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What Does PABX Stand for, and is it Different from a PBX?

The distinction between a PBX (Private Branch Exchange) and a PABX (Private Automatic Branch Exchange) is perhaps an instance of technology traveling faster than day-to-day language can keep up.

Telephone switches have certainly come a long way since the “carriage bolts...teapot lids, and bustle wire” model first introduced back in 1878—and, as common in the wake of progress, a terminological haze remains clouding the public atmosphere long after that ever whooshing train has whistled by.

So if you're wondering "what is PABX? anyhow?!"—don't worry, you're not alone. Here's a brief overview that will clear things up faster than you can say 'choo choo!'

(Or, if you're really in a rush, skip right down to the bottom line)

The Birth of PBX

In the olden days, telephone calls were routed over the Public Switched Telephone Network to a hive of Switchboard Operators equipped with patch cords, who then manually connected them to the recipient. These telephone exchanges were facilitated by the phone companies. With time, reasons of economics and efficiency encouraged large organization to start their own in-house exchange rooms for local communications, and so Private Branch Exchange was born.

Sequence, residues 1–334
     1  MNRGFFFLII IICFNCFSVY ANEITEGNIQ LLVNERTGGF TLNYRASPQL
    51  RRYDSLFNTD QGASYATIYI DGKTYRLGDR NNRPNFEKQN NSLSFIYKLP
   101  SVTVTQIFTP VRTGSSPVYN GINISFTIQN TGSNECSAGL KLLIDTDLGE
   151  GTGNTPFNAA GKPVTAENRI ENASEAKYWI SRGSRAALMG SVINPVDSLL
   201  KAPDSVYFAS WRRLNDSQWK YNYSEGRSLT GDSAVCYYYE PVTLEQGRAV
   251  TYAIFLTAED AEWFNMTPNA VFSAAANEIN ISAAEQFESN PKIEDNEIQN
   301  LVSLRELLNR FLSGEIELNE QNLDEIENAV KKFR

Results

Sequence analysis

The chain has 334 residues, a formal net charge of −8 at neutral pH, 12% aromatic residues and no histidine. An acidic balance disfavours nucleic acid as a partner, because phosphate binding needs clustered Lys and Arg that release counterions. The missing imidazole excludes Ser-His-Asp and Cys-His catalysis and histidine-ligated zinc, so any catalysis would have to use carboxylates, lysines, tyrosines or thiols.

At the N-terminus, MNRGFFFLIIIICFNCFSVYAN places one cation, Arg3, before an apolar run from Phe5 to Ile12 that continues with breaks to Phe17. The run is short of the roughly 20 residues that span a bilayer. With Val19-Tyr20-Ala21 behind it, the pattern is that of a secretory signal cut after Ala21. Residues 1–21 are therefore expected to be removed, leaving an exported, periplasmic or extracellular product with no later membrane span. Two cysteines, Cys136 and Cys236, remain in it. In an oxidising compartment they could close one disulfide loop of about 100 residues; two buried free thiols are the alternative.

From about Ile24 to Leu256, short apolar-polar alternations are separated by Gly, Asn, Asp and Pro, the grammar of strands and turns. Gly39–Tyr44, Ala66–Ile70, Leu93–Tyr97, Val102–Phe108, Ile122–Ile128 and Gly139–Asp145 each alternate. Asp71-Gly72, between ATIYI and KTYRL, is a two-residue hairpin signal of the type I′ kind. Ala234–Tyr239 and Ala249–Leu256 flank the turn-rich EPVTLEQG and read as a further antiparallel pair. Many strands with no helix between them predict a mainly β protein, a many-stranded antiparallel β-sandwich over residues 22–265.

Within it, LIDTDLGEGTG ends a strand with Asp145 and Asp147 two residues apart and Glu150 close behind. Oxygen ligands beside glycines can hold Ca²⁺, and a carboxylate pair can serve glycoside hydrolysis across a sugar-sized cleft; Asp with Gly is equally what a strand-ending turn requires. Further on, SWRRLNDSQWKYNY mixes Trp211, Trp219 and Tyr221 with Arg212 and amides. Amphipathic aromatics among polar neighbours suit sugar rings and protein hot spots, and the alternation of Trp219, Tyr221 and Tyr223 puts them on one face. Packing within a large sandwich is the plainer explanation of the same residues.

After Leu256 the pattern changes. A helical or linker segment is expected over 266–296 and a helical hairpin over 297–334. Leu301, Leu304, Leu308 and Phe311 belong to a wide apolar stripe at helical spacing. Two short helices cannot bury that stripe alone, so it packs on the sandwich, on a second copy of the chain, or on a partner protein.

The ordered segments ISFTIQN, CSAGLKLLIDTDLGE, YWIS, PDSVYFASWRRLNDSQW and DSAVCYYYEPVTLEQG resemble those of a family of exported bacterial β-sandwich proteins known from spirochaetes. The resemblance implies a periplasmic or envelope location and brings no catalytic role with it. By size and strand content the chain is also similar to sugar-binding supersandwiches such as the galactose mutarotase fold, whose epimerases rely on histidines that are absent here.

Progress Breeds a Whole Family of Acronyms

As technology moved on from analog to electro-mechanical and finally to electronic switchboards and the process became automated, the general term PBX was sometimes broken down into PMBX (Private Manual Branch Exchange) and PABX (Private Automated Branch Exchange) to differentiate between the two.

Solid state electronic systems were christened with their own acronym as well: EPABX (Electronic Private Automated Branch Exchange).

PBX in the Virtual Age: a Return to the Roots.

Today virtually all PBX systems are automated, so the distinction between PBX (or PMBX) and PABX has become literally obsolete. Even the finer technological varieties are largely a matter of semantics—so with the advent of the latest cloud based digital systems, rather than coining yet another acronym, companies were content to adopt the good old ‘PBX’ with the simple prefix ‘virtual’ or ‘hosted’.

The Bottom Line:

While PABX still has its share of adopters, PBX is the widely used term between the two, and for all practical intents and purposes they are both one and the same—to find a manual switchboard you'd have to visit a museum!



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posted by Maty Grosman @ 3:22 PM